I’m re-reading Gillian Rose on Visual Methodology, and she has given me a lot to think about. I’d like to see if I can apply her ideas to some children’s work such as this:
So let’s look at this in more detail.
There are two figures, arms down by their sides, under or at least near a complex climbing frame. Writing explains that the child feels s/he is “very good at playing on the climbing frame.”
Now, I know who did this (I have obscured a name, although I do have the young artist’s permission to share this drawing) and the context, but if we apply Rose’s criteria to it, we need to ask:
- What is being shown? What are the components of the image?
- How are they arranged?
- Is this a contradictory image?
- What knowledges are being deployed?
At the basic level, what is shown is as I’ve said above, a climbing frame and two figures in proximity to it. There are two components as I read it: humans and climbing frame. If part of the questioning we need to undertake is around what has been missed out, what is not there is interesting too, however. It might be that we can distinguish here a sort of intransitivity: the climbing frame is not being climbed, and the figures are not climbing it. In the picture there is no sky or grass, no distraction from other equipment. Does this argue for there being a lack of need from the adult for a ‘holding activity’? “Just [go away for five minutes and] colour in the sky”? Or does it argue for purpose or maybe even haste in the interaction between adult and child?
But we might also suggest a third component: the writing, both by the child and the adult. Image and text work together, and are part of the same tradition (of which child and adult are aware) as the picture story book. The arrangement is one in which this convention is upheld.
Where it is skewed, where it has an element of contradiction, is in the adult intervention. What is the purpose of this object? The title gives it away: this is a piece of school record keeping, very probably created at the request of an adult “to go in your file.” The child’s writing (and adult transcription) and title and date suggest that this is part of a record-keeping system that tells someone (see below) something (again: more to think of here) about how the child artist-writer sees themselves.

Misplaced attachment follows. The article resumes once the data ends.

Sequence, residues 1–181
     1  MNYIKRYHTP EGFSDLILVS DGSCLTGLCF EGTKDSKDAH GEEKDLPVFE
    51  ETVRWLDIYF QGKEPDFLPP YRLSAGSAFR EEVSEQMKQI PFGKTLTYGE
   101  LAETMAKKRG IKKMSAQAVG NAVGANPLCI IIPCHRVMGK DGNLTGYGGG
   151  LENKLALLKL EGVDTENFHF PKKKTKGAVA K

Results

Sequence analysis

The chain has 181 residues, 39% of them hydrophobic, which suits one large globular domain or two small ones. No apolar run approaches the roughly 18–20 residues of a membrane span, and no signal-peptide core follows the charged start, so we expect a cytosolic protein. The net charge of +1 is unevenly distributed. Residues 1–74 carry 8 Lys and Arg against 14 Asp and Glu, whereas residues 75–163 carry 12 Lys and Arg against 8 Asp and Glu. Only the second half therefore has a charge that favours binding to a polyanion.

So what knowledges are being deployed? In brief, as a first go at this I propose that we can discern:
- an understanding of how text and image can work together;
- an understanding of how to represent the various elements of the climbing frame (including climbers);
- some understanding of purpose and power in adult-child relationships.
So in looking at this power relationship, we come to the reason the work was created. I suspect, as I said, that this is at the request of the adult – and therefore, to some extent, the adult is the intended reader, the sponsor of the activity. Even in the context of physical play, the child is constrained, as is the adult, to use the event to spawn other events closer to the curricular needs, not of the child, but of the adult: play and the observation (or in this case the self-evaluation) makes it have a purpose the adult world might value.